Often the work we do is to satisfy someone
else’s needs like a client, boss or peer. A small change in perception of the
work we do for others will change our outlook towards it. The result is better
quality work done faster and a more positive work experience.
When we begin to understand what another person wants, we instinctively want to help, serve, and collaborate. Often, we lose sight of this desire due to time pressures and deadlines – mostly imposed by ourselves, but sometimes by others. Think about it. When a friend or colleague asks for help, we usually say yes. Often, we commit to helping before looking at our schedules. I call this the “intuitive yes” because we want to be of service to others and help them achieve their goals. We all possess this intuitive ability, but it is more advanced in some people.
Forward-thinking leaders understand their intuitive competency and use it to help those around them, as well as the organization they serve. They look to the diversity amongst the members of their team to further understand them. They seek to understand their competencies and personality traits, and by doing so, they know where to deploy resources to support the members of their team. Also, they take this knowledge and work collaboratively, or co-construct, to break down barriers that stifle creative thought and innovation. As leaders, they co-construct with their team to ensure all voices are heard and everyone has input into the design of the team and its vision.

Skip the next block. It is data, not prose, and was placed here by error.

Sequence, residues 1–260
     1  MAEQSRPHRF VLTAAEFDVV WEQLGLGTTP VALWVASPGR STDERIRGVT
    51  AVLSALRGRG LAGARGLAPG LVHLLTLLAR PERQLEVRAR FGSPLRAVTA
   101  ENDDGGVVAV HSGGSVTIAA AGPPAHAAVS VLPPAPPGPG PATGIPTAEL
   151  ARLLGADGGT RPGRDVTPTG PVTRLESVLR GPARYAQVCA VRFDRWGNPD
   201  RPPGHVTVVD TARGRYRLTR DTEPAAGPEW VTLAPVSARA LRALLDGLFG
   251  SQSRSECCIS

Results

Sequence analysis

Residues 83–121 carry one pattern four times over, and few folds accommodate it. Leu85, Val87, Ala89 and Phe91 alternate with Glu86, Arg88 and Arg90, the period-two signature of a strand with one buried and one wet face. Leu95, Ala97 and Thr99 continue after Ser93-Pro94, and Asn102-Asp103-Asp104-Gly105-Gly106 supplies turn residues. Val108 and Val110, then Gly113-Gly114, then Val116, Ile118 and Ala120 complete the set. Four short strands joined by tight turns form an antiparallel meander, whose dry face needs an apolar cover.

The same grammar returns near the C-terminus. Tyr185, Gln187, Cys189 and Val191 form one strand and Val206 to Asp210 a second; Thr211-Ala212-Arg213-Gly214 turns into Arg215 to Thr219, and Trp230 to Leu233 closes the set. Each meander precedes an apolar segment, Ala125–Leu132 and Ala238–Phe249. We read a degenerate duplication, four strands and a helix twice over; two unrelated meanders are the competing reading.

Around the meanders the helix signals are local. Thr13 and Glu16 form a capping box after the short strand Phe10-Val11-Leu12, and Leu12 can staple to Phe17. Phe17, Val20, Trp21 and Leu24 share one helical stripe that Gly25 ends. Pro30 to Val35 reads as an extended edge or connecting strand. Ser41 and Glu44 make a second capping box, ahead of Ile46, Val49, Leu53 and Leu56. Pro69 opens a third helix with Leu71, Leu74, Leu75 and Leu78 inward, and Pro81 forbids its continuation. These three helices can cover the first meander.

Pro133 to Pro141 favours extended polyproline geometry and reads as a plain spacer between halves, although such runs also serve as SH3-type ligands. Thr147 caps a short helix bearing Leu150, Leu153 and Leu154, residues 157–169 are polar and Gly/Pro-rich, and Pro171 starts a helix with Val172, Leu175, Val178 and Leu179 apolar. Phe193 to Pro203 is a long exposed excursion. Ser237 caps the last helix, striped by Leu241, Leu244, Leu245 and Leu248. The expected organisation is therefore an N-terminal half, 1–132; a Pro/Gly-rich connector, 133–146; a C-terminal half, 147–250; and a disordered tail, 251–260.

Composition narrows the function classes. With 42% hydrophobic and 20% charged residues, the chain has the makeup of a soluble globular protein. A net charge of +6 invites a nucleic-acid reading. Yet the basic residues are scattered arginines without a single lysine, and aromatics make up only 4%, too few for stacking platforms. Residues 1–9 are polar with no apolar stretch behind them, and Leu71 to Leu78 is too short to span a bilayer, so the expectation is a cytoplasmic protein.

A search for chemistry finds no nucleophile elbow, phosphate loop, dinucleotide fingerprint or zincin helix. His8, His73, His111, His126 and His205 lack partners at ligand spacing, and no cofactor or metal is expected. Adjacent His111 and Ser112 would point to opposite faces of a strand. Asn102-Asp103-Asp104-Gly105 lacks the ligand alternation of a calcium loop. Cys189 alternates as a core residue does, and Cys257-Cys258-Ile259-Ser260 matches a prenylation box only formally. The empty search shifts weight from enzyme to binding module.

By co-constructing, members have a sense of ownership. It also allows for a more profound sense of equality and builds a desire to work towards solutions that are good for the entire organization. Co-constructing teams allow leaders to get to know what their members are passionate about, and it allows members to discuss areas that excite them, some of which may be outside their normal competency range.
Understanding the dynamics of their teams is not a one-time deal. Forward-thinking leaders regularly monitor them to see what is changing and what areas need to evolve. In many cases, the forward-thinking leader is the coach that pushes the team to achieve and ultimately surpass, its desired goal.